UAE Team Emirates’ 2021 season may have been dominated by Tadej Pogačar’s big wins – from Tirreno-Adriatico and Liège-Bastogne-Liège to the Tour de France and Il Lombardia – but the team still has an eye on the future and have signed some of the best riders of the next generation.
At 23 years of age, Pogačar is still a youngster himself, but around the WorldTour the competition to find the new version of Eddy Merckx, Tom Boonen, or Alberto Contador intensifies every year.
In Spaniard Juan Ayuso, the team might have already found the next great thing.
The 19-year-old turned professional midway through last season off the back of a dominating victory at the U23 Giro d’Italia. Right away he showed his class in the pro ranks with a 17th place at the Giro dell’Appennino and second behind veteran Luis León Sánchez at the Ordiziako Klasika, also taking bronze at the U23 European Championships.
Touted as the next big thing in Spanish cycling, Ayuso is set to kick off his first full pro season next month at the Volta a la Comunitat Valenciana. He believes UAE Team Emirates is the right team to match his ambitions.
“The team asks me to win, and I ask myself the same, but that is precisely my motivation,” he told ES Ciclismo. “Besides, I’m in an ambitious team, that’s what I like.
“I’m the first to make demands on myself, so it’s not something that worries me. I know that this is a sport and there are other things in life and I also know how to deal with failure.”
Ayuso, who is the youngest rider in the squad this year, certainly has plenty of riders to look up to for inspiration and help as he progresses as a rider. GC men George Bennett and João Almeida have joined for 2022, while the likes of Marc Soler, Davide Formolo, and Rafał Majka are well-experienced, too.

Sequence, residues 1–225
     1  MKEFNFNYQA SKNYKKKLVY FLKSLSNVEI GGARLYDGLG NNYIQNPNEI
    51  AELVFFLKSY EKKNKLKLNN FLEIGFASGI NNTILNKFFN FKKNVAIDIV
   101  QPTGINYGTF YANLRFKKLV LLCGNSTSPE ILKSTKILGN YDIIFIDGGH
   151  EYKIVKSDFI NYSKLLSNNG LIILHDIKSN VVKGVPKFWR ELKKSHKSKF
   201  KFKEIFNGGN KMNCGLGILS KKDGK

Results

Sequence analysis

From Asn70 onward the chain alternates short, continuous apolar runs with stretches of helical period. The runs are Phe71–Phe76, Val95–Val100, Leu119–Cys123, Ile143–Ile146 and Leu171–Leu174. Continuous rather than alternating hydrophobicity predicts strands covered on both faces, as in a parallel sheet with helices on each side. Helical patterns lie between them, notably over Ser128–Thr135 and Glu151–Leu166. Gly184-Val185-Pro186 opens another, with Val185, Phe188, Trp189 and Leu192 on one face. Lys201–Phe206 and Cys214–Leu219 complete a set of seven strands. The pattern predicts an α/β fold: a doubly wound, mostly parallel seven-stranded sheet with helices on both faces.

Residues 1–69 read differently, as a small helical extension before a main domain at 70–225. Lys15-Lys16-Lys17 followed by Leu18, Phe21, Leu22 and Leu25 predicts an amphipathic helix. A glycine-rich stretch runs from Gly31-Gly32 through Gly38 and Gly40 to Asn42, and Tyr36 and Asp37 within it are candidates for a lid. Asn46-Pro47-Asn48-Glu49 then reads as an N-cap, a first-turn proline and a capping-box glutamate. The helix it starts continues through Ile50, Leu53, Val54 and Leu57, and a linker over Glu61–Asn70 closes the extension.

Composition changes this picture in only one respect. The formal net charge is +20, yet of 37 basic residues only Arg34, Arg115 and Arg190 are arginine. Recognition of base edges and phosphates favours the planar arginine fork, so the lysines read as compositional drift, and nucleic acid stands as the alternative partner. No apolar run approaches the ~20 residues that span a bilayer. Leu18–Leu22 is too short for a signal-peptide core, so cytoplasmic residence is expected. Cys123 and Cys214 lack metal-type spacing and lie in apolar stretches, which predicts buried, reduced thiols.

He called Pogačar “a reference”, though – no surprise given his stunning results over the past several years – and said that he hopes to one day match his level.
“Training with Pogačar is a great experience. He is the best in the world and I am lucky to ride with him. He is a reference, I want to follow in his footsteps, I have to take advantage of it, learning from him is a luxury,” Ayuso said.
“He is at another level, but he sees himself reflected and that is why we get along well, I am very grateful.”
Ayuso – who will tackle the Vuelta a Andalucía later in February before heading to the Faun-Ardèche and Drome Classics in France before his first WorldTour stage race in Catalunya – hailed the strength of his new team, adding that the star riders throughout the roster take some pressure off him for those who expect him to score major results in his first pro season.
“The team has been reinforced, there is a great block, and that is important because if I fail others will achieve results, that takes pressure off. I demand myself because I want results, but it is fortunate to belong to a very good team. That helps.”